South London trio Natural Mystery Museum’s sophomore effort ‘Illusionary Tales’ comes a couple of years after ‘Volume 0’, which featured ‘Enter the Void’ – picking up an impressive 35,000+ streams on Spotify already. Citing influence from the likes of Jack White, Tom Petty, Queens of the Stone Age, Kings of Leon and The Black Keys, the band suggest a rock sound that will invite a wide potential of fans aboard their ship, although the band demonstrate more than enough character and individuality as to be just ‘another’ British alternative rock band.
‘Sixes & Sevens’ starts the release on a bouncy, explosive rock riff. The verse introduces a rumbling bass with gorgeous tone to accompany the pounding drums that lead into an uplifting, glorious psych-rock chorus. With shades of Muse throughout, Natural Mystery Museum’s modern rock influence is unashamed and direct. A whacky instrumental jam, backed by energetic drumming, falls into the last chorus that you find yourself singing along even before the lines come in. Well-placed vocal harmonies allow it to really stick in your head. The music video to go with it is pure 70s throwback joy, by the way, and worth a watch. ’So Sweet’ has an ice-cool, laid-back vibe that could have come straight out of Josh Homme’s 2000s rulebook. Dripping with swagger and attitude, it has a summery feel to it, although with that magic dose of psychedelic weirdness to really give it some character. It’s hard not to bounce along to it as you listen; this will surely be a highlight of Natural Mystery Museum’s live sets when concerts return. A squealing guitar solo pushes the song through to its close.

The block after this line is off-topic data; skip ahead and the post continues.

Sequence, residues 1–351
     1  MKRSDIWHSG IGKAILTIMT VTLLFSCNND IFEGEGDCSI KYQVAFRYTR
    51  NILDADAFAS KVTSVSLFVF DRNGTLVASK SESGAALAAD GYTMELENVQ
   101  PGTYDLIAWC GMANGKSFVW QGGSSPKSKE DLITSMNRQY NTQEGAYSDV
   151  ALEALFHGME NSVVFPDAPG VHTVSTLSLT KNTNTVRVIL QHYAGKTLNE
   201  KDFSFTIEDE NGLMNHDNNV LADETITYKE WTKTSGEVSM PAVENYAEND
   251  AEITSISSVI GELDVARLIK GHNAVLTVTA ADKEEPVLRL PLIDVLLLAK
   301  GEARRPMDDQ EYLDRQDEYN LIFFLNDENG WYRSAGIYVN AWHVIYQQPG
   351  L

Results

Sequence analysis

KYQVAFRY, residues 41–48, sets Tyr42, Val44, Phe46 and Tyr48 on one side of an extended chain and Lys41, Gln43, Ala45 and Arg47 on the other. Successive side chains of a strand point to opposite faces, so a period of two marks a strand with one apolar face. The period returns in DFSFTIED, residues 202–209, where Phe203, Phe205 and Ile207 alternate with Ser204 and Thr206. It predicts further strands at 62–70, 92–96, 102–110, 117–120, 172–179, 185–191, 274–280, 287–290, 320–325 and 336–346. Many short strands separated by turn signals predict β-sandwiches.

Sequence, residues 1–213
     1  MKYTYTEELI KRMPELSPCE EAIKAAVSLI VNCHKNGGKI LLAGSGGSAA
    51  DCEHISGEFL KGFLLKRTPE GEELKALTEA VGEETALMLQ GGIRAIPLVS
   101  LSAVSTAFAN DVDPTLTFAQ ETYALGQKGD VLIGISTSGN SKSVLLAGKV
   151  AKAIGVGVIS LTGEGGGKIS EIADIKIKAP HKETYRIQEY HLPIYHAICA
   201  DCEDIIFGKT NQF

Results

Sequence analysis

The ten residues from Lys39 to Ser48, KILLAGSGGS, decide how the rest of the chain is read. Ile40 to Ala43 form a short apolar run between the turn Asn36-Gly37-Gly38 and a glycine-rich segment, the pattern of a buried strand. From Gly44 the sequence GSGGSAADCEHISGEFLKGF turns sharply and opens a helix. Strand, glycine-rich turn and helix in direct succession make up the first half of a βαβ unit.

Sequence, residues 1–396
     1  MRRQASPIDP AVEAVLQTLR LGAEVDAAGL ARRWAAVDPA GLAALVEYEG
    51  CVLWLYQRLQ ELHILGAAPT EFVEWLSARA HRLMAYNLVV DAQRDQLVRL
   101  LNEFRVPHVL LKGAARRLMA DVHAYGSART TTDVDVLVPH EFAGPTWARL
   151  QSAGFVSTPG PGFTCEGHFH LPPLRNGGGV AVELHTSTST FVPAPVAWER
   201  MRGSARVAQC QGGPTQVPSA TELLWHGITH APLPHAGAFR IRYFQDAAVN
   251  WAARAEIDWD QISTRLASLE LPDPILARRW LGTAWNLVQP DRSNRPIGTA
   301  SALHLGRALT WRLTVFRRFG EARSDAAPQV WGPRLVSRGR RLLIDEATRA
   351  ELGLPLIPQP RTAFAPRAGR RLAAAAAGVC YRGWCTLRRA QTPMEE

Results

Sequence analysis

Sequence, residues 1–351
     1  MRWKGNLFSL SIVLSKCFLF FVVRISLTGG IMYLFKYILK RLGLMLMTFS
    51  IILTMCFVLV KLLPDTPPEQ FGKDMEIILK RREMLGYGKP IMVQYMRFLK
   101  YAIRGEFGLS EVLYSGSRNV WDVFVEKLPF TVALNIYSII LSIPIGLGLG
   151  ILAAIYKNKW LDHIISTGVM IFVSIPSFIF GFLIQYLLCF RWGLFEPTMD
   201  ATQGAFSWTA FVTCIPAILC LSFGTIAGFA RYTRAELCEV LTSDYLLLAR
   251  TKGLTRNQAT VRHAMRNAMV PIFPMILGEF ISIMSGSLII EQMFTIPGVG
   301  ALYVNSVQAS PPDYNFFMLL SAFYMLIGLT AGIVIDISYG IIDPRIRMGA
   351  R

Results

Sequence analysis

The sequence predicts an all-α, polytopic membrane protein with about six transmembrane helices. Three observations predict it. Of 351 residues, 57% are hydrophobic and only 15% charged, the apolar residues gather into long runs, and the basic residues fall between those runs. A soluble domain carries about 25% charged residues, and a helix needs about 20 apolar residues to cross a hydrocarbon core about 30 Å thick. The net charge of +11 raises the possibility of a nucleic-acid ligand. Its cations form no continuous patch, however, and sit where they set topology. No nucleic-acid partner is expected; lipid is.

The second half of the EP shows off a slightly different side to Natural Mystery Museum. A tender acoustic guitar sees ‘Forget Me Knots’ in on more of a pensive vibe. The gentle buildup and layering of instrumentation is very cleverly done. It has a 60s-esque pop rock feel to it, but far from being ‘stuck’ in this era, some of the harmonies and musical ideas are grungy and could accompany a sunset in the mid-90s. It’s beautifully written, and the music really matches the lyrical themes well. ‘We Don’t Speak’ rounds off the EP on a bittersweet note, as Perry Read’s lyrics wonder if it’s ‘too late to change your mind’, although ‘we don’t speak anymore about it’. The balance of wistful emotion with upbeat indie stylings keeps it from becoming too moody and miserable. Backed with some really tasteful lead guitar licks – both distorted and clean – the instruments tap nicely into the ambiguous emotion of the song.
I really like this collection of songs. All are colourful, breezy psychedelic indie rock bangers, but each with their own character and emotional spectrum. The sound of this band are clear, but they avoid falling into the trap of repeating themselves and flogging a sole musical idea. Although Natural Mystery Museum may be a little way off from standing out from the crowd at this point in time, it takes nothing away from the good, individualist quality of the music on this EP alone. ‘So Sweet’ was my pick of the bunch.
‘Illusionary Tales’ is out NOW